Global Talent Bridge Partner Blog

News on practice and policy affecting skilled immigrants

Spotlight: Portland, Maine – Reducing Licensing Barriers for Skilled Immigrants

Thursday November 21, 2019 | by Julia Trujillo

Photo by Mercedes Mehling on Unsplash

 

The WES Global Talent Bridge Skilled Immigrant Integration Program (SIIP), now wrapping up its second year and planning for its third, involves training and support for communities working to advance immigrant success. Making meaningful connections with multi-sector networks around the country is one of the drivers of the program. This piece by Julia Trujillo explores the work going on in Portland, Maine.

Maine is the oldest and whitest state in the U.S. with one of the country’s lowest birth rates. Like the rest of Maine, Portland is presented with an urgent challenge: slow population growth, an aging workforce and a tight labor market with skilled labor shortages. Therefore, we face a socio-economic imperative: to attract and retain even more talent to Portland.

Maine has been home to immigrants for centuries. The Irish, Italians, Swedes and Franco-phones are all part of Maine’s unique story. Cities are innovation engines, even in – or more so – in rural states like Maine. Portland is no exception: once a central manufacturing, trade and shipping hub; Portland has attracted significant diverse talent for centuries.

According to 2010 data, Portland accounts for a 15 percent foreign-born population. But like the city and the region, this share is growing at a rapid pace. How is the Office of Economic Opportunity (OEO) in the City of Portland Maine supporting this change?

Reducing licensing barriers for skilled immigrants has taken a multi-faceted approach. OEO, with support from WES, has provided the state with resources for engaging the Office of Professional and Occupational Regulation, and the individual state boards of professional licensing. Alongside our Greater Portland Workforce Initiative partners, we have created awareness about the challenges. Mike Zimmer from WES provided direct technical assistance alongside OEO to convene relevant licensing bodies to paint a pathway forward. These efforts will bring greater standardization across licensing boards, greater accessibility so that foreign-trained professionals can access industry sector-specific licensing requirements much more easily, and raise awareness across licensing boards of unique barriers faced by this population.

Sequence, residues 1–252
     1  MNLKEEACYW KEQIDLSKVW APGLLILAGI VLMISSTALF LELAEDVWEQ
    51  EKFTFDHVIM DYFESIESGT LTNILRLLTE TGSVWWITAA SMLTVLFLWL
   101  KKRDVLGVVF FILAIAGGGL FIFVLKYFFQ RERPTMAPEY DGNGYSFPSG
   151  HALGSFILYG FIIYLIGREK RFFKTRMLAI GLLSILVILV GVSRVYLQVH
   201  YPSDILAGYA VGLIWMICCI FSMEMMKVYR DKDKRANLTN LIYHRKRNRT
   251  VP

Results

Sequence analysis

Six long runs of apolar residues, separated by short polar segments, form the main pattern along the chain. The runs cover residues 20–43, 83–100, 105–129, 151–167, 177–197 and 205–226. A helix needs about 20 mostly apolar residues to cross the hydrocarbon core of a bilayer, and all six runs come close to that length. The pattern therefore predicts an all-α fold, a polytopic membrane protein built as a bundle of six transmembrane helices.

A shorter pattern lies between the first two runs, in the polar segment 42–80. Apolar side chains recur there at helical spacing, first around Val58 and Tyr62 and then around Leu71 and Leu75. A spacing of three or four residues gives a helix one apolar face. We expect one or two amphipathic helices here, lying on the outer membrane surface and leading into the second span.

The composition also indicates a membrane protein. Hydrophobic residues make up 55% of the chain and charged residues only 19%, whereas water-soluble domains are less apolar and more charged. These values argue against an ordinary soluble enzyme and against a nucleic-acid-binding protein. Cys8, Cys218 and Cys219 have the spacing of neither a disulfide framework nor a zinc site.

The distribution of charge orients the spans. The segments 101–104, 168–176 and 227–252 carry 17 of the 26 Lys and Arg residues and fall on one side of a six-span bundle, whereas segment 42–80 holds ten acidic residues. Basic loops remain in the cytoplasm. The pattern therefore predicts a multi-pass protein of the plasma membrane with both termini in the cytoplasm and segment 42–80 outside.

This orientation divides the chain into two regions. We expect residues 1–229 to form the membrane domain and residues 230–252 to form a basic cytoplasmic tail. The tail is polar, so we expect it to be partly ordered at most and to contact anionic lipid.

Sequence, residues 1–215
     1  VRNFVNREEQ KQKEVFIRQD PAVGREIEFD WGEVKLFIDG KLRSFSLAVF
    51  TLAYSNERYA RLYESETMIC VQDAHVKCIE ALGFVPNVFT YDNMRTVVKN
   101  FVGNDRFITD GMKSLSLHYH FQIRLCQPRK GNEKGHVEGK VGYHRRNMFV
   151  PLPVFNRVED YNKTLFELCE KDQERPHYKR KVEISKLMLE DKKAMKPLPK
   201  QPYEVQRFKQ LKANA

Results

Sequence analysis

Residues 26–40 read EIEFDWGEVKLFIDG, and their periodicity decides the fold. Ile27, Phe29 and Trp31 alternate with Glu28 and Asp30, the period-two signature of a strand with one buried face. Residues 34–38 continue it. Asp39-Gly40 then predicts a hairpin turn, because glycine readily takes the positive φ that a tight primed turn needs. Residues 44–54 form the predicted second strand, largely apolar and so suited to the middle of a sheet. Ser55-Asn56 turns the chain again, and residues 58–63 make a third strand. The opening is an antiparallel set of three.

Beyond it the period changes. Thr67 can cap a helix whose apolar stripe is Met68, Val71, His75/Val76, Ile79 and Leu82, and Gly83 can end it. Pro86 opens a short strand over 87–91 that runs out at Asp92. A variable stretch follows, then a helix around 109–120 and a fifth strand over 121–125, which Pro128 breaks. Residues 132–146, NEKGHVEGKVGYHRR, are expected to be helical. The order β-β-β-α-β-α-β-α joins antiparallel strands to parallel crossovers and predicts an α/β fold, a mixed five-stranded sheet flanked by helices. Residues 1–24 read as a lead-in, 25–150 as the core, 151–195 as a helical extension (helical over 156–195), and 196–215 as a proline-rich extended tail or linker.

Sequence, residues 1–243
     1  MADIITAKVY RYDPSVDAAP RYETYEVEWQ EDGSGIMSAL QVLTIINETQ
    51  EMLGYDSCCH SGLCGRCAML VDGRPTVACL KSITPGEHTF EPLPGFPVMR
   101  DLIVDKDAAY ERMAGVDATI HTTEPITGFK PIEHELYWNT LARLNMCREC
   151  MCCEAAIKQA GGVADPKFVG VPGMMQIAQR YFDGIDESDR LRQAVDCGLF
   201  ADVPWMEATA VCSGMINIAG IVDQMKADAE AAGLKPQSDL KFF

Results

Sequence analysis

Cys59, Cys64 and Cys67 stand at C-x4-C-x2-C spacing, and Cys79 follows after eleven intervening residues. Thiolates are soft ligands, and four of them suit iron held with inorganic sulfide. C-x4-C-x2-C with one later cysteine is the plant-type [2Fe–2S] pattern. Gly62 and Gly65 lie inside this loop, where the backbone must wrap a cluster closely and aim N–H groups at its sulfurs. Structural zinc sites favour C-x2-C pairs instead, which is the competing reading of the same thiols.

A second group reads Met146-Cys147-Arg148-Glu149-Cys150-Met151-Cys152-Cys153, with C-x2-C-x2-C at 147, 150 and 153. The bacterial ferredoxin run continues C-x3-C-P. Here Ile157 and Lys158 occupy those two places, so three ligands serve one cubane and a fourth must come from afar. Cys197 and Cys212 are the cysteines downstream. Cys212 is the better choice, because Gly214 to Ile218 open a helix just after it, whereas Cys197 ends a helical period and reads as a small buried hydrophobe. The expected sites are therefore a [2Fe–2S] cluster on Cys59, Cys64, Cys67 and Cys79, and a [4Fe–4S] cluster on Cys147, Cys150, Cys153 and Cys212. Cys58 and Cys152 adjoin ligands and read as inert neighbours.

Beyond work with state officials, OEO is supporting local service providers to evaluate credentials, support associated costs, and so on. As of today, service providers throughout the city underestimated the resources available and the credential evaluation process. Through our collective impact model, we are working to expand credential evaluation services.

Looking ahead, OEO is thrilled to announce our upcoming employer summit to help companies in our area to better understand and recognize foreign credentials.

Our greatest success so far is helping the State of Maine form a legislative inclusive working group that can address the barriers unique to this population. The group represents Maine’s legislature, a variety of licensing boards, the Department of Professional and Financial Regulation, and several key stakeholders, such as the Office of Economic Opportunity and the New Mainers’ Resource Center. In addition to work with government partners, we have also engaged with the private sector.

Through these approaches, we are working to address the brain waste that exists in our largest employer, Maine Medical Center. Many immigrants are hired to work in environmental or food services. This puts them in an environment where they cannot practice English. OEO has pushed Maine Medical Center to perform an internal audit. As a result, foreign-trained professionals are beginning to advance and explore career opportunities closer to their professional degrees from their home countries. Pathways for nursing, community health workers, phlebotomists, and other professions, have things slowly moving in the right direction.

This work cannot be done alone.

As a city, we face the challenges in workforce development, but [licensing issues] need to be solved at the state level. Collaboration has been key to our success and defining our role to support the state in whatever capacity to model a solution-driven partnership.

Julia Trujillo is director of the Office of Economic Opportunity for the City of Portland.

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